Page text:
Ex-government employee pleads guilty in nuclear secrets cyber attack scheme

A former government employee who was accused of trying to orchestrate a cyber attack against computers that contained information about nuclear weapons pleaded guilty to a federal computer crime, the Department of Justice announced in a news release on Tuesday afternoon.

Prosecutors said 62-year-old Charles Harvey Eccleston, a former employee of the Nuclear Regulatory Commission, admitted his guilt in the attempted “spear-phishing” attack that took place last January. Eccleston was arrested after an undercover operation in which prosecutors said the accused dealt with FBI employees who had been posing as foreign government officials.

Spear-phishing is a type of cyber attack in which people send authentic-looking emails to their targets, encouraging the recipients to open them. However, the emails contain malicious code.

According to the Department of Justice, Eccleston sent an email that he believed contained a virus to about 80 Department of Energy employees, thinking the code would allow a foreign country to infiltrate or harm their computers. Prosecutors said Eccleston targeted employees “whom he claimed had access to information related to nuclear weapons or nuclear materials.”

The code was harmless and was actually crafted by the FBI, according to the release.

Eccleston, who thought he would be paid roughly $80,000 for sending the spear-phishing email, was arrested last March during a meeting with an undercover FBI employee, prosecutors said.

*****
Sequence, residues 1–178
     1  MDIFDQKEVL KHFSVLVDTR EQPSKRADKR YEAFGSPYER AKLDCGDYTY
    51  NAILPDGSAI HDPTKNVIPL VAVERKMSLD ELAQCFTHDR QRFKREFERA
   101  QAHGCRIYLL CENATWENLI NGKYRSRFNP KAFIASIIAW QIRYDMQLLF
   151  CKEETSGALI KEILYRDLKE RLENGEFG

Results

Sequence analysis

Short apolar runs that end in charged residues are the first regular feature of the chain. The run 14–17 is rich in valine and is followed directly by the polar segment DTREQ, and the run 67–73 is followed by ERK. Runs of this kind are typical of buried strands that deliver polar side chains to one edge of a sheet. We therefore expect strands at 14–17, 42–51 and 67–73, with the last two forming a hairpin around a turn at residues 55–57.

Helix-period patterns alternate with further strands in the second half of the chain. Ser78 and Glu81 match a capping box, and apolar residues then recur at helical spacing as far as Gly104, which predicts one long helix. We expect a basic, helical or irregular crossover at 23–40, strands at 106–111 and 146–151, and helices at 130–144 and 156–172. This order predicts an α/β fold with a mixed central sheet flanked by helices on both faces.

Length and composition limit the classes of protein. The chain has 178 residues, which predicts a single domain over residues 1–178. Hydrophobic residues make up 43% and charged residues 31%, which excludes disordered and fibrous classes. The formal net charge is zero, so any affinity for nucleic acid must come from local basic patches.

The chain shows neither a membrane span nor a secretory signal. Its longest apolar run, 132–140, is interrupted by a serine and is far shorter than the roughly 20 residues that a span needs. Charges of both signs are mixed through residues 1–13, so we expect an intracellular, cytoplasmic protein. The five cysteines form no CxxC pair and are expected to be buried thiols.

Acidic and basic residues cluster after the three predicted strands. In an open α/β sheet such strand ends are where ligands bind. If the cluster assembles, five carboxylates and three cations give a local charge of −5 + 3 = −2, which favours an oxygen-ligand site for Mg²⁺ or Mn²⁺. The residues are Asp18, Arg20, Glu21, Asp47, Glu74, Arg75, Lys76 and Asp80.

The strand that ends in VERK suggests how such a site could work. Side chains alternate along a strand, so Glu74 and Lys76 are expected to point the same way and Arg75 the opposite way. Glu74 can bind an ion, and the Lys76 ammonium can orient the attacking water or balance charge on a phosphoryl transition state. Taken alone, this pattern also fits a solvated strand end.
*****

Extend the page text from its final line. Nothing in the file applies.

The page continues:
“Eccleston admitted that he attempted to compromise, exploit and damage U.S. government computer systems that contained sensitive nuclear weapon-related information with the intent of allowing foreign nations to gain access to that information or to damage essential systems,” Assistant Attorney General John P. Carlin said in a statement announcing the guilty plea.

Prosecutors said Eccleston was fired from his job with the Nuclear Regulatory Commission in 2010. He moved to the Philippines the following year and had been living there until his arrest.

The alleged cyber attack wasn’t the first time that law enforcement heard Eccleston’s name.

Prosecutors said the FBI first learned about Eccleston in 2013 after he walked into an embassy in the Philippines and offered to sell a list of 5,000 U.S. government email accounts for $18,800. If the nation wasn’t interested, Eccleston said he would offer the list to China, Iran or Venezuela.

That November, the FBI sent undercover employees to meet with Eccleston and had them pose as foreign government officials. One FBI employee bought a list of 1,200 email addresses for $5,000, prosecutors said, though an investigation found the accounts were publicly available.

Prosecutors said Eccleston communicated with the employees for “several months,” and offered to help design the spear-phishing emails during a meeting with an undercover FBI employee in June 2014. He made the bogus emails look like advertisements for a nuclear energy conference.

Eccleston pleaded guilty to attempted unauthorized access and intentional damage to a protected computer and faces 24 to 30 months in prison and a $95,000 fine when he is sentenced in April, prosecutors announced.

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